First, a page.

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Old 10-10-2014, 09:29 AM   #7
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I will refill the tank that has the service pointer pointing to it this afternoon, that way I know I will have two full tanks when we head out tomorrow. So it's important to have the service valve pointing to one or the other, not in the middle because then ( I guess) you would be pulling equally from both tanks all the time....
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Old 10-10-2014, 10:09 AM   #8
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Quote:
Originally Posted by Goal15 View Post
I will refill the tank that has the service pointer pointing to it this afternoon, that way I know I will have two full tanks when we head out tomorrow. So it's important to have the service valve pointing to one or the other, not in the middle because then ( I guess) you would be pulling equally from both tanks all the time....
Yes, point it at one or the other. The one it is pointing to is the one it will be drawing from until it is empty, then the indicator changes from green to red. Then you flip the pointer to the other tank, remove the empty one, and have it refilled. You do not have to turn off all gas when having it refilled that way, and can have continuous service.
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Old 10-10-2014, 10:36 AM   #9
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I threw the (I guess) qualifier in there because while I believe that I learned that pointer info on the Forums, I didn't want to put that out there as the gospel if it wasn't correct... so thanks idroba for verifying.
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Old 10-10-2014, 11:22 AM   #10
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I guess I'm lucky with my 2008 Classic 25fb I have the sight gauges with connectors to the monitor panel. On my previous trailer, 2009 Casita, I just waited until the propane switchover valve showed red but make sure the other tank valve is open so when it switches to that tank it can draw propane. I made the mistake of not turning it on one trip and in the middle of the night I was awakened by clicking. It was the refrigerator trying to relight. I had to get up and go outside on turn the valve on to the 2nd tank. Lucky it happened then because my daughter and I were to leave the next day for a 2 day backpacking trip leaving the wife and dog and she wouldn't have been able to figure it out.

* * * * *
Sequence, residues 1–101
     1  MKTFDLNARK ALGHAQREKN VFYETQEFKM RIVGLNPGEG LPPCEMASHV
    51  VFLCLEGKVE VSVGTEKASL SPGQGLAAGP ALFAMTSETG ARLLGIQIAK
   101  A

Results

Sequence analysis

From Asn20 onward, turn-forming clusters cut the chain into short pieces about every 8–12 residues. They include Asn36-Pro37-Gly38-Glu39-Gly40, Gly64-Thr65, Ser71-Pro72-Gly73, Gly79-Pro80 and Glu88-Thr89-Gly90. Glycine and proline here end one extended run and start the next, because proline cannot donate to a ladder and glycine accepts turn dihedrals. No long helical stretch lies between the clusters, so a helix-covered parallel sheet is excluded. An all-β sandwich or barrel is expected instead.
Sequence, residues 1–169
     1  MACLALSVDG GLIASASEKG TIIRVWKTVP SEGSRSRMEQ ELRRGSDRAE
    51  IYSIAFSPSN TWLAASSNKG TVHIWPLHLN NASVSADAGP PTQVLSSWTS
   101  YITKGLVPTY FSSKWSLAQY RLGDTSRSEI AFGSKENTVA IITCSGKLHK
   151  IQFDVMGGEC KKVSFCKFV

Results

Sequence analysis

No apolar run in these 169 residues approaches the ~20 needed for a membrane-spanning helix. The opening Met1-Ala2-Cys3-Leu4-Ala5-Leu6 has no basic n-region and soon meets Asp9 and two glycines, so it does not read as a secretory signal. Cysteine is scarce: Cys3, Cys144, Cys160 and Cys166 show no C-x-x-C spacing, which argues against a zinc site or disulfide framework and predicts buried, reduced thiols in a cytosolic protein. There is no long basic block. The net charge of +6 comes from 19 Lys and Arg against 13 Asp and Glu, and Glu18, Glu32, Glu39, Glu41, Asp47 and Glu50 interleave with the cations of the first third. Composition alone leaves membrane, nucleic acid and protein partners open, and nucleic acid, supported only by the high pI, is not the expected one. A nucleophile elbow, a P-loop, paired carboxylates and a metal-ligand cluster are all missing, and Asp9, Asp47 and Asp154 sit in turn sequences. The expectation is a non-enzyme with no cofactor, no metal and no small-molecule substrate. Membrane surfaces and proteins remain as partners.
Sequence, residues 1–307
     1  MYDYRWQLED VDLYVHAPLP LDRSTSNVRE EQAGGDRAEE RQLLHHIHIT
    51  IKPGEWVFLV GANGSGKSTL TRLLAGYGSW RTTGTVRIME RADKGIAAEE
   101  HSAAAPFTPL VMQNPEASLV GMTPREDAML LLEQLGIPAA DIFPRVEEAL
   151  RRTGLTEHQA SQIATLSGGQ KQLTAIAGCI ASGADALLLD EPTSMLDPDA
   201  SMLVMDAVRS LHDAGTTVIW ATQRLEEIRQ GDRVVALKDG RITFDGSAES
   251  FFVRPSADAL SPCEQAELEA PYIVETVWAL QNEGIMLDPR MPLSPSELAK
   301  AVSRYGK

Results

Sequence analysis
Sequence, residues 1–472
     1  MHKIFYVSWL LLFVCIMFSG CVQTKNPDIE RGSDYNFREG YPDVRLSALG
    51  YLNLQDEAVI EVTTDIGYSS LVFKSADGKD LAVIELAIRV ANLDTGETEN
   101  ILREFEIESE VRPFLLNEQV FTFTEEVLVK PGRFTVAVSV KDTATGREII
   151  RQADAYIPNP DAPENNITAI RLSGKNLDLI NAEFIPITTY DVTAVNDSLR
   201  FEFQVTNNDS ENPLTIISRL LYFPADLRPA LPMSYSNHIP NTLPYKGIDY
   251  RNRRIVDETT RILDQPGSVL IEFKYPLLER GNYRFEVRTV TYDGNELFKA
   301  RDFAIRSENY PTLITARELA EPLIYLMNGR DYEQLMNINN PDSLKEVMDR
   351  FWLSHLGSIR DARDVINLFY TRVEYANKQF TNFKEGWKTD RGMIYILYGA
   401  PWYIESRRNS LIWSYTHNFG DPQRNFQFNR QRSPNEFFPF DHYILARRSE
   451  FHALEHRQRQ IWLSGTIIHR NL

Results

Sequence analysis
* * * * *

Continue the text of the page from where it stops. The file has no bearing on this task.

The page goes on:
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Old 10-10-2014, 12:00 PM   #11
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yeah, the classics have gauges from the Department of Redundancy Department. 1)switch over indicator on the regulator 2) mechanical gauges on the tanks 3) wire from gauge to monitor panel inside.
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Old 10-10-2014, 12:03 PM   #12
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Old tanks had a float gage that worked well. New tanks don't have that because of the OPD valve. You can get dual bung tanks that have the valve in one hole and the gage in another. This is the best way although it is not cheap.

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Old 10-10-2014, 12:12 PM   #13
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Old tanks had a float gage that worked well. New tanks don't have that because of the OPD valve. You can get dual bung tanks that have the valve in one hole and the gage in another. This is the best way although it is not cheap.

Perry
That's what mine is....dual bung. Had to have the LP service guy pull one of mine. It was sticking. Just turned it a bit in the bung and it no longer had interference.
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Old 10-10-2014, 12:36 PM   #14
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I just use one tank at a time until empty, then open the valve on the full tank and refill the other. This works for me, in the past I have tried using hot water to judge the fuel level in the tank but I find one tank at at time is easy for me.